Most law schools in the US conduct rolling admissions, which may seem like a great option, but it isn't really beneficial for those who apply late. The earlier you apply, the higher will be your chances of getting admission. These schools also function on a first-come-first-serve basis, which makes it more difficult to avail for housing and scholarships, since most of such privileges are already given to the candidates who applied earlier in the year.
Your Personal Statement Must be Clear
Your personal statement must explain why you wish to become a lawyer. It must be concise and you must come straight to the point. Do not cook up stories in your personal statement as that would undermine your credibility. Do not mention anything pertaining to your GPA or try to justify the reason of it being low. Try to practice what you intend to write beforehand so that you do not end up writing irrelevant things or writing more than necessary. Your law school personal statement should be used as a tool that will help you come across as a focused and driven candidate, who is truly inspired by the profession of law.
Get to Know Your Faculty Members Better
While at undergraduate college, try to interact with your faculty members as often as possible. Let them know that you're an active student. When the time comes, you will need to request your two best faculty members to write a recommendation letter for you. The task of writing such an important letter must not fall in the hands of strangers, who could not only falsify facts but also seriously undermine your chances of being selected by law schools. Thus, entrust this responsibility with due care, and give it to a faculty member who is familiar with you and appreciates you for the student you have been over the past few years.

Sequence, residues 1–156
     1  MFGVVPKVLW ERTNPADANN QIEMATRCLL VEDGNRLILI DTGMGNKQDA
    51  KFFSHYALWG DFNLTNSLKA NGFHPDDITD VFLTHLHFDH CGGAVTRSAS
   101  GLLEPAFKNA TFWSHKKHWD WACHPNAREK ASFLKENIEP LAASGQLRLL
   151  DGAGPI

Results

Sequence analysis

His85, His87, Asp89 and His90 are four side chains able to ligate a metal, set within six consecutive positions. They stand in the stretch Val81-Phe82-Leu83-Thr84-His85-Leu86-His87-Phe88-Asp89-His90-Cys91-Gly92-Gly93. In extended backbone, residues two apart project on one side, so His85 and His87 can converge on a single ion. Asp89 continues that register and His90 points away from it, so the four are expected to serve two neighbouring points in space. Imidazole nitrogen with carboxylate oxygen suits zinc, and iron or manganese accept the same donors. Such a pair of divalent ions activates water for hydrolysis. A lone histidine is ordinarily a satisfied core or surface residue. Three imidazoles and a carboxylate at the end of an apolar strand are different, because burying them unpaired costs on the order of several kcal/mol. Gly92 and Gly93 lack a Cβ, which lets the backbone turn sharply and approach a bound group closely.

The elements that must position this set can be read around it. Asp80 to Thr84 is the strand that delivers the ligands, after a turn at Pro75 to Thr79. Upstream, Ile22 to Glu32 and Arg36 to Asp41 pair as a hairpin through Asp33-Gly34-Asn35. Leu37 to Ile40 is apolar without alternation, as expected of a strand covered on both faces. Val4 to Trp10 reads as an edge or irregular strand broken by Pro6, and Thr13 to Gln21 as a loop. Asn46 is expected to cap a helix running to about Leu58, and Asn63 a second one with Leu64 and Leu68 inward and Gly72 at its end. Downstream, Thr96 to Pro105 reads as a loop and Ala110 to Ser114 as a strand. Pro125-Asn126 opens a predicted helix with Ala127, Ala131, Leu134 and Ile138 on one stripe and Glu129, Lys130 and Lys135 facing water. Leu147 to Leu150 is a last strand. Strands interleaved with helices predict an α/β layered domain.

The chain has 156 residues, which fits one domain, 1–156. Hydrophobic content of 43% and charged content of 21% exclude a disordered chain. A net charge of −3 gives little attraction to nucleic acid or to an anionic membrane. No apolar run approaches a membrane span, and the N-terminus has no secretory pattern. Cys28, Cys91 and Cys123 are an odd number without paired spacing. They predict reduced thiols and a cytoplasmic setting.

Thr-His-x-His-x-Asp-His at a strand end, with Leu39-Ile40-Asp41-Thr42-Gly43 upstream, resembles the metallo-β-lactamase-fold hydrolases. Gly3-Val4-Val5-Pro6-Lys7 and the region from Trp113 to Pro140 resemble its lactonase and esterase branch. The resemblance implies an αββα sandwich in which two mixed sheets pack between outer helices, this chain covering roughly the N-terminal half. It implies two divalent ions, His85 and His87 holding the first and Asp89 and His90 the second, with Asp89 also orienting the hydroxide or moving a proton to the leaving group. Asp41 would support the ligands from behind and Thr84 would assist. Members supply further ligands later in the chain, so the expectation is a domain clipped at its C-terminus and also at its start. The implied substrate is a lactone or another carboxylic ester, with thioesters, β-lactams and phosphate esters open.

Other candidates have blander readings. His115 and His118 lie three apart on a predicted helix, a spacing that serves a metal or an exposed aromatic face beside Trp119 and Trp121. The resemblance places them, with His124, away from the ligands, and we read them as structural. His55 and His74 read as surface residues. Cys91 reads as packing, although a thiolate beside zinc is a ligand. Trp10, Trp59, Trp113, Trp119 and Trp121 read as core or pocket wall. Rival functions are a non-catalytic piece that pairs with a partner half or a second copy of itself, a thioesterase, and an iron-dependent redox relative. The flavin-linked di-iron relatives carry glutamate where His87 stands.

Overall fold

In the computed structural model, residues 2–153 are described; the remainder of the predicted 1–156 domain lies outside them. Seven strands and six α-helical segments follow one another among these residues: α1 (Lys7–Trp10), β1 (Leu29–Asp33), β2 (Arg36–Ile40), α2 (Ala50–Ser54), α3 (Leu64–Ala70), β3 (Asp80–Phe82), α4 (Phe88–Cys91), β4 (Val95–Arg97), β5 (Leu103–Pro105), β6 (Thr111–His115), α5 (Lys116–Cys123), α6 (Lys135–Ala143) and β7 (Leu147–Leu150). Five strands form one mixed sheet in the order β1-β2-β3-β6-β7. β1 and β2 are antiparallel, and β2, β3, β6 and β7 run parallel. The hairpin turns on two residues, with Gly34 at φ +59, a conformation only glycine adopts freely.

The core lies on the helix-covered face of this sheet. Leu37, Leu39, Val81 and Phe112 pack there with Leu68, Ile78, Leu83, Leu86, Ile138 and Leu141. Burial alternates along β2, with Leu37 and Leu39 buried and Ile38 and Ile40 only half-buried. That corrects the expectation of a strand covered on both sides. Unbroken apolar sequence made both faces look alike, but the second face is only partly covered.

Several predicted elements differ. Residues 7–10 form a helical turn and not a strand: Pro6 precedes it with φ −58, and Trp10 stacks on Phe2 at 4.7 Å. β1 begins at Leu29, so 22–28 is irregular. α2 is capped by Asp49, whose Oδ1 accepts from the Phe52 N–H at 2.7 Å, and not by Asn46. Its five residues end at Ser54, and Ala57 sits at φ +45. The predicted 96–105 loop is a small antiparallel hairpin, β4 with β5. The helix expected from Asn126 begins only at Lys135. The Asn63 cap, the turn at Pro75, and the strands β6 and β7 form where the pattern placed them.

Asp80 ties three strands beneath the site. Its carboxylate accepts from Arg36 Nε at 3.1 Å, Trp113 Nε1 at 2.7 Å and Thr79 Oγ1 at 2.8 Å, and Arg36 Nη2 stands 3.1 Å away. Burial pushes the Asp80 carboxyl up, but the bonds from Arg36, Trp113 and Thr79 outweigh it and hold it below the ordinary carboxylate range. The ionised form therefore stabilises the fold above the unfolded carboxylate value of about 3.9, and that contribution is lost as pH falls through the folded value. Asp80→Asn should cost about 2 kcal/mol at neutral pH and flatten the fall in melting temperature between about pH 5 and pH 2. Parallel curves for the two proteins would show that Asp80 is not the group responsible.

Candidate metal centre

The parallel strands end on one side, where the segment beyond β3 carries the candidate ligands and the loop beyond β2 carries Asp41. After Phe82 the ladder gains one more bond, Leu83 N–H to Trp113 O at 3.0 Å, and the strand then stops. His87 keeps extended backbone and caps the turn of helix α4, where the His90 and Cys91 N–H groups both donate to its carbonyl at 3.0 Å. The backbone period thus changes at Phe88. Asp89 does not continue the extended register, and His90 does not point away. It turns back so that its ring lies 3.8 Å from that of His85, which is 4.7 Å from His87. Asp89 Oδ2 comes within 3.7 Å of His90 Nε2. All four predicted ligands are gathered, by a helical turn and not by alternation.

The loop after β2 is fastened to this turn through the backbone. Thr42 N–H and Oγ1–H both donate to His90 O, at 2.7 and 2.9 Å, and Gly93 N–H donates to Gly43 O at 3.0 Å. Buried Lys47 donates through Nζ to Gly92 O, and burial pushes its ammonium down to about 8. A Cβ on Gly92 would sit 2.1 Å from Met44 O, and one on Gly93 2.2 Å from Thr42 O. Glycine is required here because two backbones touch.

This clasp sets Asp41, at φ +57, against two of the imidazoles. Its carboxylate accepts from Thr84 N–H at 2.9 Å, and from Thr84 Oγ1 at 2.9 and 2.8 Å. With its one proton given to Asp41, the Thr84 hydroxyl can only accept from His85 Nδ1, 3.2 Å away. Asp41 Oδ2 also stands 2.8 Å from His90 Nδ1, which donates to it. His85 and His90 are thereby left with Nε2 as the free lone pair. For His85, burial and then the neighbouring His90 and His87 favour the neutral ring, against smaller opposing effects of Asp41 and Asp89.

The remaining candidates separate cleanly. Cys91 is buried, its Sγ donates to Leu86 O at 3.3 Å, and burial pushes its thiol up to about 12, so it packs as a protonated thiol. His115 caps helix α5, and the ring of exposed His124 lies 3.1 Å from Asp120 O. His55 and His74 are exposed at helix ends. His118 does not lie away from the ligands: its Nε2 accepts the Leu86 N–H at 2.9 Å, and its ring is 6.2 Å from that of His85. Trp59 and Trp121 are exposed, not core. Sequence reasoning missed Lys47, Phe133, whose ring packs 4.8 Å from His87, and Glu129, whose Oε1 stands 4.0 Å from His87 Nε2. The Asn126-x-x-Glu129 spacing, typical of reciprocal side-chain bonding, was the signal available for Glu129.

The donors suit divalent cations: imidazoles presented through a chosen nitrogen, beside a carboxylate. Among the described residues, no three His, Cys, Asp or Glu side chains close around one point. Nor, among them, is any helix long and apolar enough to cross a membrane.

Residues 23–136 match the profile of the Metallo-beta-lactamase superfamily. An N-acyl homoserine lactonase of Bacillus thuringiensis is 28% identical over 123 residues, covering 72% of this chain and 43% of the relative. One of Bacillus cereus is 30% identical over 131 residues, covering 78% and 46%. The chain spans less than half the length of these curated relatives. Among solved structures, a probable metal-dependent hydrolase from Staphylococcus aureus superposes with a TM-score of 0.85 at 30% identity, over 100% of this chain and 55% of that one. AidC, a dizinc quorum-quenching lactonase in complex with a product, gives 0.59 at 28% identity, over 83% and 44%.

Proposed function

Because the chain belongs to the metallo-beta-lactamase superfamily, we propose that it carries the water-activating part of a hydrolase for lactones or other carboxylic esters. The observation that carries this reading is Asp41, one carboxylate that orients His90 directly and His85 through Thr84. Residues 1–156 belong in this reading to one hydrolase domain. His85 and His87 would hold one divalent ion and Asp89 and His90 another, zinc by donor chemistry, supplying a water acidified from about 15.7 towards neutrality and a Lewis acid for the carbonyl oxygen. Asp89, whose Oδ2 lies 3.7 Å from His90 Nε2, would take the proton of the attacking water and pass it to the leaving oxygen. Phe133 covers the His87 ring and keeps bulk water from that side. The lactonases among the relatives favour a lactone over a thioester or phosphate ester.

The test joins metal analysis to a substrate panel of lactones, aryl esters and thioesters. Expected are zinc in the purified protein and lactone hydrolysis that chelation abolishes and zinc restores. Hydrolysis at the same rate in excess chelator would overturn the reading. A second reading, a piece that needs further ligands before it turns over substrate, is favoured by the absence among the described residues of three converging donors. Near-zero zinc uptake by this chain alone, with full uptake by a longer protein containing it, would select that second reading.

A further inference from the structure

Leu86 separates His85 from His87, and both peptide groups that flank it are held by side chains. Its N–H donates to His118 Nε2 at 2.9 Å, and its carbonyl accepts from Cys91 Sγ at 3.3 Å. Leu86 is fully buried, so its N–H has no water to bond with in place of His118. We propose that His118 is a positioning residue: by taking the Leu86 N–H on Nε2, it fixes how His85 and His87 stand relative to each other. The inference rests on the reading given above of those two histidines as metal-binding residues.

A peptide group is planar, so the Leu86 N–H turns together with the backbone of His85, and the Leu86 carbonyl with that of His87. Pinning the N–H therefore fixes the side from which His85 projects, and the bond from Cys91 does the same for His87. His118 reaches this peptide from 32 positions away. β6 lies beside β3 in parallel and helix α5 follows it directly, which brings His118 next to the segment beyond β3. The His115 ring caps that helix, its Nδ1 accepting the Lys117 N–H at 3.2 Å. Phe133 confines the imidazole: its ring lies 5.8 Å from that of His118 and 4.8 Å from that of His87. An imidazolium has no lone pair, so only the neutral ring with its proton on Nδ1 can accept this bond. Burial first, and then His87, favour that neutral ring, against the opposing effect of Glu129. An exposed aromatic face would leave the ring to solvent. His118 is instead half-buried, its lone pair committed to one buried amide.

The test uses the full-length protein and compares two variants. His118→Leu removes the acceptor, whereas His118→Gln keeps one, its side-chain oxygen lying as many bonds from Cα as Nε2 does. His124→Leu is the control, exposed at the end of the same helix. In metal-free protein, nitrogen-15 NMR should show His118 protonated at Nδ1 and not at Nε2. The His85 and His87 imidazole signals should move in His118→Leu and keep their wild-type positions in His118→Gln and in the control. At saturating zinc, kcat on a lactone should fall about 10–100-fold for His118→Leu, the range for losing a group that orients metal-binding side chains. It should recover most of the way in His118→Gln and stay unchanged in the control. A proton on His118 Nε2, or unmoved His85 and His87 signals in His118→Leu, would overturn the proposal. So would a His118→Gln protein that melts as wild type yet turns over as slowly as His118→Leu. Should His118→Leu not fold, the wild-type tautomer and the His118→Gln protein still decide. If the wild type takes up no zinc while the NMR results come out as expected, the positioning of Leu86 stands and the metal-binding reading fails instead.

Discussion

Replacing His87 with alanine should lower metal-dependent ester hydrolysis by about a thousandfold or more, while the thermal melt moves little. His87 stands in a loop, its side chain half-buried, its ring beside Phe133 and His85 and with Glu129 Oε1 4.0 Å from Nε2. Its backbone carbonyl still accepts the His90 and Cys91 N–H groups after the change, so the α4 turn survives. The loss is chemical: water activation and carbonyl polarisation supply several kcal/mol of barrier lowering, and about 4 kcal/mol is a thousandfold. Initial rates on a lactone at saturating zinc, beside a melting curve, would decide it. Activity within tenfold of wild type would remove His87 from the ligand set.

Know Your Facts Well
You are not expected to know about the nuances of law or which section works where. However, you are expected to know as much as you can about the utility of law, the recent judgments, ongoing lawsuits that have stirred the nation's interest, etc. You should also have your own opinion on the matter, while keeping the legal aspect of the situation in mind. You must know who lawyers are, what do they do, and how they serve society. You must also find out about the various fields that may open up, after graduating from law school. You must have a basic idea about what you intend to do with your law degree and which area of practice you plan to take up. That being said, while at law school, you can always change your mind at a later stage and take up a completely different field of law. You will also need to decide in which place you plan to practice so that you can apply to the law schools in that area.
Get to Know Legal Professionals and the Profession
Even if you do not know a single legal professional, you will need to make cold calls and schedule an academic interview with them. Call a few attorneys near you, and request them to meet you. If you do manage an interview, make a questionnaire so that you neither waste their time or forget to ask pertinent questions. Ask them about the practical aspects of their profession, in order to gain deeper insight into the field of law. You must also make it a point to schedule a visit to the court and listen to live proceedings so that you are more aware of how cases are decided and the role played by the jury, attorney, the judge, and the parties involved in the case.
Try a Test Run Through an Internship
An internship with a law firm, will not only help you better understand the workings of this profession, it will also help you decide whether you wish to take up this career path or not. An internship will help you gain some hands-on experience and gage whether you're truly interested in this field of practice or not.
Along with the aforementioned requisites, you will also need to work on your leadership skills. You may need to take a more active part in your community and do some volunteer work. That being said, none of these must come in the way of building a steady GPA.